Last week, a video surfaced of UC Berkeley School of Law student and U.S. Department of Justice, or DOJ, intern Sean Litteral asking Attorney General Jeff Sessions about how to address police brutality around the country.
The event Litteral attended was part of a series of lectures held for DOJ interns throughout the summer, one of which featured Sessions. After filing a Freedom of Information Act request, ABC acquired the video of this lecture that occurred in June, and the video includes a particular exchange between Litteral and Sessions:
“I grew up in the projects to a single mother, and the people who we are afraid of are not necessarily our neighbors but the police,” Litteral said during the event.
“That may be the view in Berkeley but it’s not the view in most places in the country,” Sessions said in response.
Litteral specifically asked Sessions about “consent decrees” as a way to hold police departments accountable in cases of excessive force. Litteral is currently pursuing a master’s degree in social policy at the London School of Economics and Political Science and plans return to Berkeley Law in fall 2018.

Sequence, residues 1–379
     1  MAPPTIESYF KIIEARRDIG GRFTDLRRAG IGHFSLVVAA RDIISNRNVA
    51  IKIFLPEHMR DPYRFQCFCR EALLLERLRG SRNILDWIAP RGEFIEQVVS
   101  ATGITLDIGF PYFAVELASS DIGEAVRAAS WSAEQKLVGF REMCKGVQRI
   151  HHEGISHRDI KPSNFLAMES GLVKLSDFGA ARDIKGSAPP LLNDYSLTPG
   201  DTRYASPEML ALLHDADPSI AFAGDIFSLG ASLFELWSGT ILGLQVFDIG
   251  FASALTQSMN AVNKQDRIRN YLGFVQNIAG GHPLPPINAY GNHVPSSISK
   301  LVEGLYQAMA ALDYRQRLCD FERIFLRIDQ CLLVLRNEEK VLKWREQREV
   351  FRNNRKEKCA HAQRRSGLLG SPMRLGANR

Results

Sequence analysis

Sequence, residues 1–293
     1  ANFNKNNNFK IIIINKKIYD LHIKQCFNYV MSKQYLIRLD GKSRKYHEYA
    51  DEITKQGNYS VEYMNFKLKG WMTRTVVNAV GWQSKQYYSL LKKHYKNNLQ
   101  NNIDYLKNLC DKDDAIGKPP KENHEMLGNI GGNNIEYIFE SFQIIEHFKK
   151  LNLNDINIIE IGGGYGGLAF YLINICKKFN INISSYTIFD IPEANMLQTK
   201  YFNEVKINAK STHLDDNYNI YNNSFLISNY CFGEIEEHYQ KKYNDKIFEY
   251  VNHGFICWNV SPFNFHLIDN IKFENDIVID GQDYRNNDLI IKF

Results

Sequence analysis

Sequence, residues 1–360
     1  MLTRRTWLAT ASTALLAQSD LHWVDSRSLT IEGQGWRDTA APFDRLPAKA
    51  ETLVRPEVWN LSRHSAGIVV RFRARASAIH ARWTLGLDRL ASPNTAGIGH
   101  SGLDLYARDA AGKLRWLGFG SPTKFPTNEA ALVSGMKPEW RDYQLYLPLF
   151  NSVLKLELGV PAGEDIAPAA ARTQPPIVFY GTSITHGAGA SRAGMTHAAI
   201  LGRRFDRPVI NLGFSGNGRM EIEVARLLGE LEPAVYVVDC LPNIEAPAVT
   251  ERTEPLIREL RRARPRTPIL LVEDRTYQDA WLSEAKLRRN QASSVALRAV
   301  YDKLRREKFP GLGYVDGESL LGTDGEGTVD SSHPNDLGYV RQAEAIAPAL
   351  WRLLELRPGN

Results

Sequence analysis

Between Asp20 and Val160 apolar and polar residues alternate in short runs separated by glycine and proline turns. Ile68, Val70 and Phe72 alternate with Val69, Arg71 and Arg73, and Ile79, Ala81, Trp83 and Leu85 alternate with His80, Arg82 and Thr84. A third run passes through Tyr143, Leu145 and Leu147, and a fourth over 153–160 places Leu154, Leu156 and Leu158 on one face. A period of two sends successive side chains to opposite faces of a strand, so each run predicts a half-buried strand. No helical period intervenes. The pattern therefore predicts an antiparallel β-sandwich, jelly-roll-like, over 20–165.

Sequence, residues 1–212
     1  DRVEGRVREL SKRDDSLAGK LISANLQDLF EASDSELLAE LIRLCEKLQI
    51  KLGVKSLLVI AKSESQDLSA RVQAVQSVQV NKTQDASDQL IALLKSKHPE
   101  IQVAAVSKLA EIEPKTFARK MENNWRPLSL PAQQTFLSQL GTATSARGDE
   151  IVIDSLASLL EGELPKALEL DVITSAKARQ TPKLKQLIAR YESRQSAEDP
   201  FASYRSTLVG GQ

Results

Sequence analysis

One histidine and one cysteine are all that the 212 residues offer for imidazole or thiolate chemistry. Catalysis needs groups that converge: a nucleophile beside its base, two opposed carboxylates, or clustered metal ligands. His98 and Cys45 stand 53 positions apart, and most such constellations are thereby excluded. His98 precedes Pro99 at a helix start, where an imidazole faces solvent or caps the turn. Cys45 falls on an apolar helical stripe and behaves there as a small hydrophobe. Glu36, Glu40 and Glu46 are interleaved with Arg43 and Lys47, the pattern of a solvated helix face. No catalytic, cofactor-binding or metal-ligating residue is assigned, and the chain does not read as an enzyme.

According to Litteral, consent decrees are the “most effective way” for the DOJ to hold police departments accountable. A consent decree is an agreement between the DOJ and a police department that outlines specific rules that the department must follow.
“When will [consent decrees] become an available option again, and when can we get back to work for the communities that we care about?” Litteral asked Sessions during the event.
In response, Sessions did not offer an answer regarding consent decrees; rather, he directed his response toward public safety in neighborhoods.
“We care about all communities, we care about public safety, and we care about having neighborhoods — every neighborhood — where children can walk safely in their communities,” Sessions said in his response.
Litteral described the negative, fearful perceptions of the police in Columbus, Ohio, the community from which he hails.
“A police car drives through the community and people run,” Litteral said. “Not because they’ve done something wrong, but because when the police come, you don’t know what’s going to happen.”
Growing up on the west side of Columbus, Litteral said he remembers being afraid of the police as a 16-year-old, including one time when several police officers allegedly pointed guns to his back “without cause.” Litteral said police violence is tied to poverty and race, and fear of the police is deeply rooted.
“These kind of things lead to scars,” Litteral said. “If the only time the government is coming around is to police us, (that’s) an issue. The government should uplift rather than police.”